written by Injustice, February 25, 2012
They have problems now and they now realize it. Meeting, scrambling and trying to discount the story is not working. No one else accused of a minor rules violations has been treated like this. Pollock is a great guy and more than competent professional, but he is also black and that's reason this was done. Lamberti has his son in his car all the time, as do others, but nothing happens. Wonder if the sheriff will hold a press conference?
Count them on one hand
written by Not fussing just discussing, February 24, 2012
It is a race issue. Stevie Wonder & Ray Charles can see that one. Just becaus he "rose to the top of the ranks" mean nothing. BSO may be dumb but not stupid. They have just enough blacks in the ranks to satisfy the EEOC requirements, to avoid the obvious. You will never see more blacks than caucasians in the ranks or any specialized unit. The only time an African American advance in those positions, is when one leaves or is involuntarily transferred. You can count them on one finger, not hand, but finger(singular, one). That's the whole truth & nothing but the truth....and if there is more than one, It's because the community has brought it to the right person's attention.
written by Curiousss, February 24, 2012
Seriously, if this were just a race issue Pollock would never have risen to the top at BSO. The problem here revolves around the petty jealousies, politics, and power trips that infect the upper ranks at BSO. These are the reasons for such a heavy handed "Inquisition" type mentality and over-the-top treatment of non-incident. There was no "corruption" on Pollock's part, or gross violation. He merely helped a friend avoid the paparazzi vultures. The resulting multiple punishments were demeaning, insulting, and flagrant violations themselves. Meanwhile, Lamberti and Benjamin have still not been made to answer for their indiscretions with Scott Rothstein.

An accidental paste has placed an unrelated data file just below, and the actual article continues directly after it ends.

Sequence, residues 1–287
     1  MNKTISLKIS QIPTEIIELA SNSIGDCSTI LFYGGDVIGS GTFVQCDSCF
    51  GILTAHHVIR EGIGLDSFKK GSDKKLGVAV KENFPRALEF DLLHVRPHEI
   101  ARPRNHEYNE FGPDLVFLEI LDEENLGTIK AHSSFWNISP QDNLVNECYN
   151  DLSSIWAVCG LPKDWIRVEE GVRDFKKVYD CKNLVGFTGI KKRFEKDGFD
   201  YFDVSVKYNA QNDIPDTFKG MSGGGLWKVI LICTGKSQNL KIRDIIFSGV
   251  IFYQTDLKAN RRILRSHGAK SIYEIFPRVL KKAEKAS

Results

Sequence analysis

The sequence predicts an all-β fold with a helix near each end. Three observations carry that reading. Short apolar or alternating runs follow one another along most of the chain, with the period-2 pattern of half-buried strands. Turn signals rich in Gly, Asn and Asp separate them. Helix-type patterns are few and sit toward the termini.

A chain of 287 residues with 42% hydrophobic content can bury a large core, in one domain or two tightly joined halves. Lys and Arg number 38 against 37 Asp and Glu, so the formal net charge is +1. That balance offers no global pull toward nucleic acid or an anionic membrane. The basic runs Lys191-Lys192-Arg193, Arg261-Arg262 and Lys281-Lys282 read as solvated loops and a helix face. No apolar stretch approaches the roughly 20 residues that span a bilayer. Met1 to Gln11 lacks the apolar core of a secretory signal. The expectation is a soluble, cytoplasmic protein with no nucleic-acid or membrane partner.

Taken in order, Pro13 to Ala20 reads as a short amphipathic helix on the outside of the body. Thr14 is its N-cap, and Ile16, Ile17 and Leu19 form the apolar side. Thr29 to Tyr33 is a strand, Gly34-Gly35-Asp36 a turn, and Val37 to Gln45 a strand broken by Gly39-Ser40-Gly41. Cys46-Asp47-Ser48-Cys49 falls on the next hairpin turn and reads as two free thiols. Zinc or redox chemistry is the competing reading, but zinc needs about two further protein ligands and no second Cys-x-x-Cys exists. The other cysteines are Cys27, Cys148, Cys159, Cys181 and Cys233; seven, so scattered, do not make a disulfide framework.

good deez
written by good deedz, February 23, 2012
A good deed gone all wrong.I hope Mr. Pollock Prevails. That is not right! PUNITIVE Punishment for BLACK Mr. P... nothing worse then HATE!!!!!!!
queen of blog
written by LovePoodles, February 23, 2012
This is clearly racially motivated. BSO has a history of treating Blacks unfairly.
How else do you explain that Benjamin still has his cushy job after aiding a criminal in his bid to escape justice, and that Lamberti was cleared of wrong-doing for taking his son to the Superbowl and Orange Bowl in 2010? Probably not the first time. Many of these police departments are hateful, horrible places for black, latino, and female employees. My own experiences with BSO I find many of the white bosses to be racists.
Good luck Mr. Pollock. I hope you win big and Lamberti finally is held accountable.
Time For Justice
written by MLM, February 23, 2012
The department is always into something and the scandals are getting worse. This sheriff needs to fire his entire staff and start over. This is pathetic, and it shows there is no fairness, period.
still time
written by Arthur Conan Doyle, February 23, 2012
wait 'till elgin starts speaking up for the oppressed gays at BSO. The sheriff will NEVER recover.